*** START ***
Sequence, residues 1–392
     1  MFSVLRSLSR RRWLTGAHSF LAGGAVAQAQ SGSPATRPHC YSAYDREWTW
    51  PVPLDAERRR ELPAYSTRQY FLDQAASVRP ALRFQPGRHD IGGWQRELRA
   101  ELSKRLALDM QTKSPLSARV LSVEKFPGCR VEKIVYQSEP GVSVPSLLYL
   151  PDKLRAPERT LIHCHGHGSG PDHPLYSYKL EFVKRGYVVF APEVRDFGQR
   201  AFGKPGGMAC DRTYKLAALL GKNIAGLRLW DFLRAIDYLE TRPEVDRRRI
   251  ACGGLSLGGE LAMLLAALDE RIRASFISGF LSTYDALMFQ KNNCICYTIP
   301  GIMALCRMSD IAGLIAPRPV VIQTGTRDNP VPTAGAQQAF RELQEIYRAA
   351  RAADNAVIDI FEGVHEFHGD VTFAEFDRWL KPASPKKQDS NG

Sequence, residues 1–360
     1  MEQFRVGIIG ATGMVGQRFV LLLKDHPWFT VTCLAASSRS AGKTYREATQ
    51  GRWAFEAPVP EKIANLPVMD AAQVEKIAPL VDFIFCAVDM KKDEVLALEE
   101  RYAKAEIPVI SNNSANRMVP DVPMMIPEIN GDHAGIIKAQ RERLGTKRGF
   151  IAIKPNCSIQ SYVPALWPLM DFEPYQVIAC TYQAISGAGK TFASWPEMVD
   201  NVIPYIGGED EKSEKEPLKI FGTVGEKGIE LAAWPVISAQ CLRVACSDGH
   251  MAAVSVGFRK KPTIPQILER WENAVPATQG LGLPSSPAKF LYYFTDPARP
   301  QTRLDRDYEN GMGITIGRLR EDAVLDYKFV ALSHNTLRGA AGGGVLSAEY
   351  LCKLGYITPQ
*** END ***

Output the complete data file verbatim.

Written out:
Sequence, residues 1–392
     1  MFSVLRSLSR RRWLTGAHSF LAGGAVAQAQ SGSPATRPHC YSAYDREWTW
    51  PVPLDAERRR ELPAYSTRQY FLDQAASVRP ALRFQPGRHD IGGWQRELRA
   101  ELSKRLALDM QTKSPLSARV LSVEKFPGCR VEKIVYQSEP GVSVPSLLYL
   151  PDKLRAPERT LIHCHGHGSG PDHPLYSYKL EFVKRGYVVF APEVRDFGQR
   201  AFGKPGGMAC DRTYKLAALL GKNIAGLRLW DFLRAIDYLE TRPEVDRRRI
   251  ACGGLSLGGE LAMLLAALDE RIRASFISGF LSTYDALMFQ KNNCICYTIP
   301  GIMALCRMSD IAGLIAPRPV VIQTGTRDNP VPTAGAQQAF RELQEIYRAA
   351  RAADNAVIDI FEGVHEFHGD VTFAEFDRWL KPASPKKQDS NG

Sequence, residues 1–360
     1  MEQFRVGIIG ATGMVGQRFV LLLKDHPWFT VTCLAASSRS AGKTYREATQ
    51  GRWAFEAPVP EKIANLPVMD AAQVEKIAPL VDFIFCAVDM KKDEVLALEE
   101  RYAKAEIPVI SNNSANRMVP DVPMMIPEIN GDHAGIIKAQ RERLGTKRGF
   151  IAIKPNCSIQ SYVPALWPLM DFEPYQVIAC TYQAISGAGK TFASWPEMVD
   201  NVIPYIGGED EKSEKEPLKI FGTVGEKGIE LAAWPVISAQ CLRVACSDGH
   251  MAAVSVGFRK KPTIPQILER WENAVPATQG LGLPSSPAKF LYYFTDPARP
   301  QTRLDRDYEN GMGITIGRLR EDAVLDYKFV ALSHNTLRGA AGGGVLSAEY
   351  LCKLGYITPQ